Doctors for the second year in a row have been left waiting to find out whether they will have to comply with a new quality payment system outlined in MACRA.
Although the CMS finalized a rule late last year to exempt more small providers from complying with MACRA, the agency still has yet to notify doctors whether they're expected to report under MACRA's Merit-based Incentive Payment System.
Physicians who haven't received their formal notices have been left vulnerable; if they do nothing, the CMS can later determine they were on the hook to comply with MIPS.
The CMS estimates that 934,000 providers will be exempt from MIPS reporting; that includes physician practices with less than $90,000 in Medicare revenue or fewer than 200 unique Medicare patients per year.
Initially, only 134,000 providers were going to be excluded from the program, as the original threshold for exemption was $30,000 in Medicare revenue or fewer than 100 Medicare patients.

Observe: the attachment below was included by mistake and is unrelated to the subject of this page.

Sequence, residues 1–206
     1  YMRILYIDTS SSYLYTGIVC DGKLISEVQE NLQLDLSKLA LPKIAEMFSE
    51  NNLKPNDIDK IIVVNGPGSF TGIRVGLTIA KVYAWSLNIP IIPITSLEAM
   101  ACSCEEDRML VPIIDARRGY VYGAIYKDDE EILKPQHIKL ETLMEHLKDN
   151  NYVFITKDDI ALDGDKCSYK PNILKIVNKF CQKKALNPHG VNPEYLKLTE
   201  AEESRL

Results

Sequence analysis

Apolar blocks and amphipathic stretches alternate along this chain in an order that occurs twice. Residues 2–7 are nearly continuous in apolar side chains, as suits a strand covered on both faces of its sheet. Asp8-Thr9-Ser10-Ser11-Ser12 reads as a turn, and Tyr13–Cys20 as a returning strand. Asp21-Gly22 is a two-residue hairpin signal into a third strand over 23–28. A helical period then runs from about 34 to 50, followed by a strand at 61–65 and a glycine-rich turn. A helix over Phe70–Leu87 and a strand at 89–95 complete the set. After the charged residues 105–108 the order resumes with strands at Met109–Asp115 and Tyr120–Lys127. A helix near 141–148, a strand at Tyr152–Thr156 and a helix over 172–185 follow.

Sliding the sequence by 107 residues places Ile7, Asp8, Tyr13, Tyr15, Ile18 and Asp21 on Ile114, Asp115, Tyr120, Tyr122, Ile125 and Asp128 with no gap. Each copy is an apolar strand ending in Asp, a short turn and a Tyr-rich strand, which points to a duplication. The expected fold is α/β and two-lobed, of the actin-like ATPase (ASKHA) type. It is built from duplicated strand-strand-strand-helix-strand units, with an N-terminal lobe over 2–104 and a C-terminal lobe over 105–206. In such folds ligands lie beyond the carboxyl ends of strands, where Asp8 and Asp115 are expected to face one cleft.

Providers were in the same situation last year and ultimately did not receive notices until May. The stakes are even higher than last year, as providers must report a full year of quality data, versus just for 90 days in 2017.
"Physicians do not have basic eligibility information to determine whether they are even included in the MIPS program," Anders Gilberg, senior vice president of government affairs for the Medical Group Management Association, said in a letter to CMS Administrator Seema Verma.
"For medical group practices that manage reporting for dozens or even hundreds of clinicians under the program, this information is vital to the complex clinical and administrative coordination necessary to participate in MIPS," Gilberg said.
A CMS spokesman said that the agency is committed to sharing the information with providers as soon as possible, but could not outline an exact timeline.
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